Overall, 47 per cent agreed "the Grey Cup is an important part of Canadian culture and identity" and another six per cent went even further, agreeing that it "defines Canadian culture and identity."
The response to the poll, which was conducted by the Angus Reid Institute and distributed to The Canadian Press, was fairly evenly split between men and women with men holding a slight edge but only 39 per cent of those between 18 and 34 were sold on the significance of the event. The number climbs with age, reaching 52 per cent of those 55 and older.
But when it comes to actually watching the CFL championship, only 24 per cent overall said they will definitely watch Sunday. Another 36 per cent weren't sure, with some waiting to see who was playing, while 40 per cent won't be watching.
Men outnumbered women among the watchers (33 per cent to 16 per cent) and the disparity was also great based on age, with only 19 per cent of the 18-34 group planning to tune in and 31 per cent of those 55 and older. The middle age group came in at 23 per cent.
Support in general for the Grey Cup and CFL was stronger in Western Canada and strongest of all in Saskatchewan, where the CFL tops even the NHL in popularity more than 2-to-1.
In the rest of Canada, the NHL is the most closely followed league, according to the survey, with the CFL a distant second (40 per cent to 21 per cent). Major League Baseball is third at 18 per cent and at the bottom of the list the NBA edges out Major League Soccer at eight per cent and seven per cent.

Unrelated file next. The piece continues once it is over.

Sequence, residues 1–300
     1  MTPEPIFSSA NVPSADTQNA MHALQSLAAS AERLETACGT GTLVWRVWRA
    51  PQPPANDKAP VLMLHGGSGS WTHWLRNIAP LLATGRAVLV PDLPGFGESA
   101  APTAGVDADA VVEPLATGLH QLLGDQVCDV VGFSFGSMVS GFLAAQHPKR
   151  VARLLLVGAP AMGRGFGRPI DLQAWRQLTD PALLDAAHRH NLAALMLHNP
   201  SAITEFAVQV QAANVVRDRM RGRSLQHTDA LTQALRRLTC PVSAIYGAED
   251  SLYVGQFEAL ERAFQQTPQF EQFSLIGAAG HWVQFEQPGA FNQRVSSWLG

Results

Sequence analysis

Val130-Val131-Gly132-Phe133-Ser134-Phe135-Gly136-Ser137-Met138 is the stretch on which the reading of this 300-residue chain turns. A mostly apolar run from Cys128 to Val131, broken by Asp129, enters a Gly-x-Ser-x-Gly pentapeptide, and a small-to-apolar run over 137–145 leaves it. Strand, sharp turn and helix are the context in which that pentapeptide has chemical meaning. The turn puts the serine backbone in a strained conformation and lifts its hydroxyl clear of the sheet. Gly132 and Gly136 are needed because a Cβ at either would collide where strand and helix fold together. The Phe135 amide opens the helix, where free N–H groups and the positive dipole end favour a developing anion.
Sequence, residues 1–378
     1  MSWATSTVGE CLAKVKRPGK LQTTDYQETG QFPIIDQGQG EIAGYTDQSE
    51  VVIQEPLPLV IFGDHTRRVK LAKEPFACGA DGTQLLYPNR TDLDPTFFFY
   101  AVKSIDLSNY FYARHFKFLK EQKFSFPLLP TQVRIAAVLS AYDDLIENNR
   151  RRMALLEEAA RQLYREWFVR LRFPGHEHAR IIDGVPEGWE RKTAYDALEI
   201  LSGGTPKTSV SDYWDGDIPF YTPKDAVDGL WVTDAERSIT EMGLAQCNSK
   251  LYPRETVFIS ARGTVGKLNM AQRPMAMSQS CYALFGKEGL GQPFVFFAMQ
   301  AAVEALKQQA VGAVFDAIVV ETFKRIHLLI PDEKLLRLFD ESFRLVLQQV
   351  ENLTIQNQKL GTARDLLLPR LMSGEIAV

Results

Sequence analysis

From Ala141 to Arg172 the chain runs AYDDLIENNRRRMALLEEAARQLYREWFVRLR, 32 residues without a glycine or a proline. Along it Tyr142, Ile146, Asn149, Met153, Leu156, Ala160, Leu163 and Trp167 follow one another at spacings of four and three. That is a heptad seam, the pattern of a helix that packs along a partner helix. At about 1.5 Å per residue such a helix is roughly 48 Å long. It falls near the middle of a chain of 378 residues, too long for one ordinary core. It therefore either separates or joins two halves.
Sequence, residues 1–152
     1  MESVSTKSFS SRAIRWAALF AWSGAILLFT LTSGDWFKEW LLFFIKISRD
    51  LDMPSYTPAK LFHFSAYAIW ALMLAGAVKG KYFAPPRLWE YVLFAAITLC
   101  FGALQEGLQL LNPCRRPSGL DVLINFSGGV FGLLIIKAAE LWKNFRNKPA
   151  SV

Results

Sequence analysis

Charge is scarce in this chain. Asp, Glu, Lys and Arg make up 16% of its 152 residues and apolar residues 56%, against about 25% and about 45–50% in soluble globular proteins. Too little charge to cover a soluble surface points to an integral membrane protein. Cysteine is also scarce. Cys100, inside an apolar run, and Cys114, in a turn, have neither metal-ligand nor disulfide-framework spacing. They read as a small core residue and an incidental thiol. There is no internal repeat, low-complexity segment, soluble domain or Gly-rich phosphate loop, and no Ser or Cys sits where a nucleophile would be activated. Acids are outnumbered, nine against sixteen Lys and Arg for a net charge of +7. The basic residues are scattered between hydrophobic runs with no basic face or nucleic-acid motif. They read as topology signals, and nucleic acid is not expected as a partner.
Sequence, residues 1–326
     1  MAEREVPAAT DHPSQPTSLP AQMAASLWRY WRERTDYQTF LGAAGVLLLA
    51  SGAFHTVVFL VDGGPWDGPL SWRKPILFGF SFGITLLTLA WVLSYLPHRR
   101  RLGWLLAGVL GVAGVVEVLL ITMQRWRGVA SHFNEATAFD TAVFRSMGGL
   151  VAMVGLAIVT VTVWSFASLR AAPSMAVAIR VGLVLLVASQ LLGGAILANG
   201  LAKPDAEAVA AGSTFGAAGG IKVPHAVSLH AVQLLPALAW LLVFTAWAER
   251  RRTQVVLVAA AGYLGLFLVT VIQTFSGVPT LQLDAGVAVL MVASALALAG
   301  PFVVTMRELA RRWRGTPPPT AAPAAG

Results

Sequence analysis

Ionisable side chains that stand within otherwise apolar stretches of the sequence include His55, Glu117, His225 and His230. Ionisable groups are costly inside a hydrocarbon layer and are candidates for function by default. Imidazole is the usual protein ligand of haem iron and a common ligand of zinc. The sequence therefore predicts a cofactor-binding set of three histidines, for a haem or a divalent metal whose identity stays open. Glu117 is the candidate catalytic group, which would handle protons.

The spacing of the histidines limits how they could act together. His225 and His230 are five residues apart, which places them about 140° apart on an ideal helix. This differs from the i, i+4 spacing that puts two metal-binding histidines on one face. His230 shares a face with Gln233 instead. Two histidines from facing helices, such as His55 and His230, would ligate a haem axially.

The CFL is still more popular than the NFL, which came in fourth at just 17 per cent, but when it comes to marquee football games, the Super Bowl edges out the Grey Cup.
Asked to pick which game they'd watch if they could only watch one, 52 per cent nationally picked the Super Bowl and 48 per cent picked the Grey Cup. Again, in Western Canada the Grey Cup was an easy winner, maxing out in Saskatchewan and Manitoba at 77 per cent each.
And, once again, age told the tale with 61 per cent of those 55 and over picking the Grey Cup and 65 per cent of those aged 18-34 picking the Super Bowl.
The numbers come from an Angus Reid Institute online survey involving 1,504 Angus Reid Forum panellists conducted between Nov. 18-21. The polling industry's professional body, the Marketing Research and Intelligence Association, says online surveys cannot be assigned a margin of error as they are not a random sample and therefore are not necessarily representative of the whole population.Suggest a correction